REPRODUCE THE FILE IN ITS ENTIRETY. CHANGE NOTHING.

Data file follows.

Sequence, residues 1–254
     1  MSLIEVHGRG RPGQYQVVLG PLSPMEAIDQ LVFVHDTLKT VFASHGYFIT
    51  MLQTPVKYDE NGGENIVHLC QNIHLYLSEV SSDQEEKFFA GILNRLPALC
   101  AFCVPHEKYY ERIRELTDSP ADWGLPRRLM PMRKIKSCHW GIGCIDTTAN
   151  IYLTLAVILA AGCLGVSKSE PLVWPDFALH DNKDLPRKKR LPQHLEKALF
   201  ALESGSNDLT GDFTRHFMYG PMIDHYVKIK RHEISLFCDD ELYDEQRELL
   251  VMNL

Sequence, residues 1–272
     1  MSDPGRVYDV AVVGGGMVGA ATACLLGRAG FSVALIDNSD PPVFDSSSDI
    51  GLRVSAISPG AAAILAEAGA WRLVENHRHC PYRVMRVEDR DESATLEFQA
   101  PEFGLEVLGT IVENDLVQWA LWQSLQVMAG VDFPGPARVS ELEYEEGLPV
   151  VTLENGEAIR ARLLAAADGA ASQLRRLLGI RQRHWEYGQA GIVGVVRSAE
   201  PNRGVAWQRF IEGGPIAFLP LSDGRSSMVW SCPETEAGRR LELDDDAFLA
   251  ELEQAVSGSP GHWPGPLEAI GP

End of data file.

Sequence, residues 1–254
     1  MSLIEVHGRG RPGQYQVVLG PLSPMEAIDQ LVFVHDTLKT VFASHGYFIT
    51  MLQTPVKYDE NGGENIVHLC QNIHLYLSEV SSDQEEKFFA GILNRLPALC
   101  AFCVPHEKYY ERIRELTDSP ADWGLPRRLM PMRKIKSCHW GIGCIDTTAN
   151  IYLTLAVILA AGCLGVSKSE PLVWPDFALH DNKDLPRKKR LPQHLEKALF
   201  ALESGSNDLT GDFTRHFMYG PMIDHYVKIK RHEISLFCDD ELYDEQRELL
   251  VMNL

Sequence, residues 1–272
     1  MSDPGRVYDV AVVGGGMVGA ATACLLGRAG FSVALIDNSD PPVFDSSSDI
    51  GLRVSAISPG AAAILAEAGA WRLVENHRHC PYRVMRVEDR DESATLEFQA
   101  PEFGLEVLGT IVENDLVQWA LWQSLQVMAG VDFPGPARVS ELEYEEGLPV
   151  VTLENGEAIR ARLLAAADGA ASQLRRLLGI RQRHWEYGQA GIVGVVRSAE
   201  PNRGVAWQRF IEGGPIAFLP LSDGRSSMVW SCPETEAGRR LELDDDAFLA
   251  ELEQAVSGSP GHWPGPLEAI GP